Apple Buys Popular Weather App ‘Dark Sky,’ Discontinues Android Version
You wouldn’t expect people to be passionate about a weather app, but Dark Sky’s user base certainly qualifies. This “hyperlocal” weather client originated on iOS, but launched on Android in 2016. Now, it’s going back to an iOS exclusive following an unexpected Apple acquisition. If you’ve been enjoying the app, it’s probably time to check out alternatives.
Dark Sky was a popular app on iOS, but it emerged at a time when the business model for weather apps was changing. These services aren’t cheap to run, and many apps that offered on-time pro upgrades were struggling to remain profitable. Dark Sky offered robust live weather data with forecasts tailored to your specific location. iPhone users were happy to pay a few bucks per year for a subscription to the app. The Android launch was rocky because of that model — app subscriptions were still a tough sell for Android users, but the app eventually racked up more than a million installs.
The acquisition came out of the blue yesterday with a blog post on the Dark Sky website. Now that Apple is calling the shots, Dark Sky’s Android app is going the way of the dodo. The app will shut down on July 1, 2020, but it’s still available for download in the Play Store for those who have already installed it. You can even buy a one-year subscription on Android. Although, that option (and the app listing itself) will probably vanish soon enough. Anyone with a subscription active when the shutdown happens will get a refund. It does have rudimentary free features, but those will stop working in July as well.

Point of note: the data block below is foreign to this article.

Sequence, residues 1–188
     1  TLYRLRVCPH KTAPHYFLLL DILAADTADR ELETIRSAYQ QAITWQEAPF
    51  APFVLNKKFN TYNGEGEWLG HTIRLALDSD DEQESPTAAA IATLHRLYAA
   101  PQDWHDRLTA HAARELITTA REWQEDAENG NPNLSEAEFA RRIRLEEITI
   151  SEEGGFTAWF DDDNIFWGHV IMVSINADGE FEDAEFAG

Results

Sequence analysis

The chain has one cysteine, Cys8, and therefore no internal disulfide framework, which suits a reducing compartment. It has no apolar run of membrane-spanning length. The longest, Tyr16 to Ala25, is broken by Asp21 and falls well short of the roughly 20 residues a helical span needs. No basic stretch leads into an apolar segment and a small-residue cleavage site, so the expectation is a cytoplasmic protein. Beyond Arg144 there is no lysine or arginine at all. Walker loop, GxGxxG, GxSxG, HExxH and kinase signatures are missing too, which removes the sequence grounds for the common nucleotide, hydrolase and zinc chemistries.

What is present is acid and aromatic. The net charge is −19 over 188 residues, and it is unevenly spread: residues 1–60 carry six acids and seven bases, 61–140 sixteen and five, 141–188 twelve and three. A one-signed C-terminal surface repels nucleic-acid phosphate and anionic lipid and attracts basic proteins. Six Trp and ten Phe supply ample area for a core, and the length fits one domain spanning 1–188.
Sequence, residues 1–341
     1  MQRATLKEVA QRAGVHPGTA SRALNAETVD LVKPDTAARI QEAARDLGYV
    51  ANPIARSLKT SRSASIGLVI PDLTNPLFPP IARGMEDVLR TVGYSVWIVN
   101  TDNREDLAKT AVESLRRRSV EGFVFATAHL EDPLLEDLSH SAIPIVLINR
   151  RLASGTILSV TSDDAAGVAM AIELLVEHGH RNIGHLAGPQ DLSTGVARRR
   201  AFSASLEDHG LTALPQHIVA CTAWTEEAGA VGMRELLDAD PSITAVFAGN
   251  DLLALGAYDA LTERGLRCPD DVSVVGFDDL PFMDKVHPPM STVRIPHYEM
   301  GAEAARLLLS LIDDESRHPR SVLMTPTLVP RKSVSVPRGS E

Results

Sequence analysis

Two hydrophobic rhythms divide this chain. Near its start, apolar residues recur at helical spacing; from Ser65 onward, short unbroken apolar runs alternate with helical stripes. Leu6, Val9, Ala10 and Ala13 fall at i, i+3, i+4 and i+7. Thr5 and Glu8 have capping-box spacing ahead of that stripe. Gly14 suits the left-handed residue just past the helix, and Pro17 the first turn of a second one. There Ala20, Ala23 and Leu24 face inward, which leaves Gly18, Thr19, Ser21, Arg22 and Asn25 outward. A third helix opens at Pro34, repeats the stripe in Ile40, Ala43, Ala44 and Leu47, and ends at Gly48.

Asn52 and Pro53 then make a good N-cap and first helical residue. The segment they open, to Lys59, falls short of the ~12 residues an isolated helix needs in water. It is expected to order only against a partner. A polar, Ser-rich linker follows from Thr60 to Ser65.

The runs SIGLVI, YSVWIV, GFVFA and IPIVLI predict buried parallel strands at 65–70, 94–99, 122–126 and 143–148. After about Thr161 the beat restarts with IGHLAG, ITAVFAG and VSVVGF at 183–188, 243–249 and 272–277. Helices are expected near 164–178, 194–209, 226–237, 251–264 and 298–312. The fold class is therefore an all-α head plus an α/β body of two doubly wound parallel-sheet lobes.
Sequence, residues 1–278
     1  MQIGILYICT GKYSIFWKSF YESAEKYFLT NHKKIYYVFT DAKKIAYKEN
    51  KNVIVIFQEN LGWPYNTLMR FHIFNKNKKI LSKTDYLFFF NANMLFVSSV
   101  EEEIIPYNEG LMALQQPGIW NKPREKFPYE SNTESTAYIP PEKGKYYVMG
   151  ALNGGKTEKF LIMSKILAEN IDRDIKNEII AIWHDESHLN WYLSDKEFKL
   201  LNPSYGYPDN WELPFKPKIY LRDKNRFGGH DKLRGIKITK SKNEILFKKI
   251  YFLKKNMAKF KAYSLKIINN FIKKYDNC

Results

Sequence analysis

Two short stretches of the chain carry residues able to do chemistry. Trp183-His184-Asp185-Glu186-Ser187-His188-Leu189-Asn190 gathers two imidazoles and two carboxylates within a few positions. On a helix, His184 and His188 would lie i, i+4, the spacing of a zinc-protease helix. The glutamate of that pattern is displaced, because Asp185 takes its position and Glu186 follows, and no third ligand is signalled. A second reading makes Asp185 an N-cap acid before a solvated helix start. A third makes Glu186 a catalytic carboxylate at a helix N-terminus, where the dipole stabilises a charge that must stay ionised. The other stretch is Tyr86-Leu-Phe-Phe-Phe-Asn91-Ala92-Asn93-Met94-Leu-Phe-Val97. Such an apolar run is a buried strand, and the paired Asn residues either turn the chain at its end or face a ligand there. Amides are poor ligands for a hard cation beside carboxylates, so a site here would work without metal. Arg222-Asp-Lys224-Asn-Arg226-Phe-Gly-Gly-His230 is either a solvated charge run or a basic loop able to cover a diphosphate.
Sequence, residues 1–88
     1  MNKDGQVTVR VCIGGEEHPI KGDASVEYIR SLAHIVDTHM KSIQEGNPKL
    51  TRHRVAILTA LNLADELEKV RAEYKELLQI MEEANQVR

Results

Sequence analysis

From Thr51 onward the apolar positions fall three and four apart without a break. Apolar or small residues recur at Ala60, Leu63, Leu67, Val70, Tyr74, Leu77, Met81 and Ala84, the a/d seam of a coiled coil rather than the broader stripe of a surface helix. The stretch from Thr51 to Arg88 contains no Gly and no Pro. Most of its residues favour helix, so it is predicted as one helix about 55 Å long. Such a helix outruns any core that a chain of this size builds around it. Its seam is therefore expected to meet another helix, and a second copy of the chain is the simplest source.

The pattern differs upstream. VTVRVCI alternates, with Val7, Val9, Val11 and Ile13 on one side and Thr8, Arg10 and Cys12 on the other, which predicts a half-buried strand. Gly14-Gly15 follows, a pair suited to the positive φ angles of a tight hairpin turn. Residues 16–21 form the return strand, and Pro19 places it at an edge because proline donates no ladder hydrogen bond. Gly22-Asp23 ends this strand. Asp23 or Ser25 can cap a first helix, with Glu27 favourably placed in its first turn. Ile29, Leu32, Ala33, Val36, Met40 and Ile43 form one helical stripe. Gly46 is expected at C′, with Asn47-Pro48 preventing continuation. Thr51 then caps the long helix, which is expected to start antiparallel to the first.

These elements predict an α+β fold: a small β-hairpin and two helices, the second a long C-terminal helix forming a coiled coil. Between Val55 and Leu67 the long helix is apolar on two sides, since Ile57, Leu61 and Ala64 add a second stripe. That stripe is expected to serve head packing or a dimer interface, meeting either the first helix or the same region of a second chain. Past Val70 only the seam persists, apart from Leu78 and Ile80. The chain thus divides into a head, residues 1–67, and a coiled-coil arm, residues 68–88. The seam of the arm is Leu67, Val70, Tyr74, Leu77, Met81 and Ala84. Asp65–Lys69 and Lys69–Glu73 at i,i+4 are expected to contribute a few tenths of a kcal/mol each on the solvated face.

This acquisition will have wider-reaching consequences than the loss of one app. Dark Sky also operates an API, allowing other apps to license its weather data. This will go away, too, but not until the end of 2021. That will give apps time to find alternative weather APIs, but most of those services are much more expensive than Dark Sky.
It’s not even clear if Apple will continue offering Dark Sky on iOS much longer. It may very well build Dark Sky’s forecast technology into a future version of iOS. At that point, the standalone app might not be necessary anymore. Whatever Apple does with Dark Sky, Android folks won’t be invited.